Thousands of deaths have been reported and more than eight million people have fled the country since Russia’s invasion of Ukraine began almost one year ago.
It is still unclear how many soldiers and civilians have been killed and calculating the human cost is challenging – and likely still will be even once the war has ended.
Misinformation is rife in modern warfare – and information released by the Russian Government is particularly untrustworthy – so gathering verified data on military deaths in Ukraine is difficult.
In all conflicts, casualty estimates can often differ due to discrepancies between sources and in how the death toll is calculated. For example, was the death a direct or indirect cause of the war? Have civilians been included?
What do we know so far about the military loss of life in Ukraine? How does the war compare to others around the world? Here we explain what you need to know about military deaths in war and how they compare with conflicts involving the UK, US and allied troops.
Military deaths in the Ukraine war
The war in Ukraine has been ongoing for almost a year now and while the true death toll remains unclear, reports suggest tens of thousands of soldiers and civilians have died.
The UK Ministry of Defence (MOD) estimates that between 40,000 and 60,000 Russian forces, including private military contractors, have been killed since the invasion began.
Estimates published by the Ukraine Armed Forces and shared daily by The Kyiv Independent put Russian losses at 143,680 as of 20 February 2023.
In December 2022 it was reported by Ukrinform that up to 13,000 Ukrainian soldiers had died since the start of the war. Mykhailo Podolyak, an adviser to the head of the President’s Office, said this on Ukraine’s Channel 24.
Civilian deaths in the Ukraine war
The civilian death rate also continues to rise daily. The latest information published bythe Office of the United Nations High Commissioner for Human Rights (OHCHR) showed there had been at least 7,155 civilian deaths and 11,662 injuries, between 24 February 2022 and 5 February 2023.
The OHCHR believes that the actual figures will be considerably higher. It also said most of the civilian casualties recorded were caused by the use of explosive weapons with wide area effects, including shelling from heavy artillery, multiple launch rocket systems, missiles and air strikes.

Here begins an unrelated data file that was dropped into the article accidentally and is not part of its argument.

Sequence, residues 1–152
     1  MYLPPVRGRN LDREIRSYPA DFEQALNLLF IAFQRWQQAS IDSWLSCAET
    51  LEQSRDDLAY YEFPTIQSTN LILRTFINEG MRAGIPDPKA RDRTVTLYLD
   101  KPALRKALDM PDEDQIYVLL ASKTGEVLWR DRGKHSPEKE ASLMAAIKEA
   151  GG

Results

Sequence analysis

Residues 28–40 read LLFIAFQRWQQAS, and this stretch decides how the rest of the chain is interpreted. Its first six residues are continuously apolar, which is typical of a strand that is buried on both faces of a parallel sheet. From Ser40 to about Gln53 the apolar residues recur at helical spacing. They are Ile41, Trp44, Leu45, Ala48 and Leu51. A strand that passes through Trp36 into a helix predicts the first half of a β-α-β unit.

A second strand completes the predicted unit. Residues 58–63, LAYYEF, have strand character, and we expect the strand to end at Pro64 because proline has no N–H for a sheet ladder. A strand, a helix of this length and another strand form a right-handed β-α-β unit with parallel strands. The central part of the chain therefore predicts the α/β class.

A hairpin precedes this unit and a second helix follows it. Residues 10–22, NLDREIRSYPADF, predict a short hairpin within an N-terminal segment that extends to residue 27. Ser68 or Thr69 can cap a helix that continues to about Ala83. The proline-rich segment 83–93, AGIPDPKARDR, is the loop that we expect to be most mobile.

How does the loss of military life compare to other conflicts?
No war is ever comparable but estimated death figures can give us an idea of how much countries have suffered as a result of conflict.
The US and UK, for example, have been heavily involved in conflicts concentrated in the Middle East in recent years, with their militaries losing thousands of lives. Figures sourced from a report by the Watson Institute for International and Public Affairs at Brown University shows the US experienced a heavy loss in Iraq (March 2003 to October 2019) with the country losing 4,572 military personnel. Other allied forces lost 323 troops during the conflict.
While the US lost seven troops during the Syrian/ISIS conflict (September 2014 to October 2019), Allied forces as a whole lost 11,000 troops. This includes thousands of Kurdish fighters. Figures included in the report are all approximates and gathered from various sources.
How do Ukrainian and Russian military deaths compare with previous UK losses?
Both Ukraine and Russia have lost far more military personnel in the invasion of Ukraine than the UK has lost in any conflict since the Second World War.
Another source of verified information comes from the UK Government’s Ministry of Defence, which publishes data on deaths of UK armed forces for each medal earning operation since World War II.
According to the latest figures, covering the period 3 September 1945 to 28 February 2022, UK armed forces have been involved in 33 medal earning operations resulting in 7,192 deaths. The deaths are as a result of hostile action as well as other causes. The conflict in Malaya (also known as The Malayan Emergency) has been the bloodiest for UK troops. The operation ran from 16 June 1948 to 31 July 1960 and 1,442 armed personnel lost their lives. Operation Banner – the name for the British armed forces operation in Northern Ireland between 14 August 1969 to 31 July 2007 – resulted in the second highest death toll for UK troops. In total 1,441 deaths were recorded during this operation.
The UK has not experienced a high operational related death toll in many years. The number of deaths in a single year peaked in 1951 when 829 deaths were recorded. This was as a result of deaths in Korea, Malaya and the Canal Zone.